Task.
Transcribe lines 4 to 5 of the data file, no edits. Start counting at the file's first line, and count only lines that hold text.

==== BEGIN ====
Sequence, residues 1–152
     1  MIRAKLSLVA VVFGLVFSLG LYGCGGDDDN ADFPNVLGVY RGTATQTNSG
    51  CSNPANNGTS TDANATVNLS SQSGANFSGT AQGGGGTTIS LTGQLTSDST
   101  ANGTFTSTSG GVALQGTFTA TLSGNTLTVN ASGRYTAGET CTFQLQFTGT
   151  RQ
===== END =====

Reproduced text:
   101  ANGTFTSTSG GVALQGTFTA TLSGNTLTVN ASGRYTAGET CTFQLQFTGT
   151  RQ